Sure, it’s a universal app, and it has a few alright “Looks”. But, at first launch, it will try to upsell you on other Adobe products. Then, you’ll find that it has an unintuitive interface, and it’s slow, and it hasn’t been updated for iOS 7. And then you’ll find out that its best feature — noise reduction — requires a $5 in-app purchase and that other features are hidden behind another, different purchase. Skip it.
Having put that out of the way, let’s look at the three photo editors which I comfortably recommend, and why VSCO Cam is the best of the batch. I’ve also tossed two more editors in the mix which have a slightly different focus. All of these apps were tested with the same batch of ten images, all shot on my trusty iPhone 4S.
VSCO Cam is the best photo editing app
What do these three images have in common (aside from being beautiful photographs)? All three were edited with VSCO Cam before being posted to Instagram.
If you follow some of the best and most popular Instagram photographers, chances are they use VSCO Cam. And there are a bunch of great reasons why.
But before we dive in, let’s start with the bad news first: VSCO Cam’s user interface is a bit different. It’s not bad, but it doesn’t quite fit in on the iPhone with all the other standard button layouts you find in most other apps. There are parts of the interface that feel a bit like they were ported from another platform, such as the gesture to close the side “hamburger” menu which doesn’t actually respond to a corresponding finger drag. However, Khoi Vinh, the former design director for the New York Times, is a huge fan of the VSCO Cam interface, saying: *VSCO Cam is “a ridiculously beautiful camera app, [and a] great example of ‘flat design’ done right”. *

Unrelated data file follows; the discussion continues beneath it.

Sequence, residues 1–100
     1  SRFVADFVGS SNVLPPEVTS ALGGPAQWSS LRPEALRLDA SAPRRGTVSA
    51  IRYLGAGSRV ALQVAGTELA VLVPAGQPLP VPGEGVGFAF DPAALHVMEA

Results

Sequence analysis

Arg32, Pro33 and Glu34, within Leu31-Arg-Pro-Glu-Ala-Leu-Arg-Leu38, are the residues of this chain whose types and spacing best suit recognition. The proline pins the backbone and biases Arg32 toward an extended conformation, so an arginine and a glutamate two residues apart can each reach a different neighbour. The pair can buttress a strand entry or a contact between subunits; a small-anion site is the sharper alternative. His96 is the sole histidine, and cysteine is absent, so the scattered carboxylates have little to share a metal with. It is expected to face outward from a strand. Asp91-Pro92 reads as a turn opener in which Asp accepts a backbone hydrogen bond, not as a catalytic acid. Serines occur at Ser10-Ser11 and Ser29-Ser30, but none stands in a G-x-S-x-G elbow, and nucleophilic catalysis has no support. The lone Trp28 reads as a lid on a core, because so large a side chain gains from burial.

Secondly, there’s no iPad version. Though a peek in the iPhone app’s application package seems to indicate that one is in the works. (Update: According to VSCO, a tablet version of the app is in the works.)
Having said that, oh boy, this app is the very best in mobile photography. There’s a good reason for that admittedly bold claim: VSCO Cam is developed by the Visual Supply Company who are best known for building a fantastic series of plugins for Lightroom that mimic classic film stocks.
These guys know a thing or two about creating beautiful digital imagery. It’s no surprise then that their mobile implementation of film nostalgia is the benchmark.
Shooting with VSCO Cam
Let’s start with the camera function, which most apps kind of suck at. I usually use the stock Camera app for this reason, but the VSCO Cam, er, camera comes with a few neat tricks built in. Similar to a few other advanced camera apps, you can separately define focus and exposure points; unlike most other apps, though, you can also lock white balance independently as well. That gives you three individual points of in-camera control over how the image will look. But, of course, it doesn’t require you to make these decisions; you can be perfectly happy to leave the camera in “Auto” and it will sort everything out.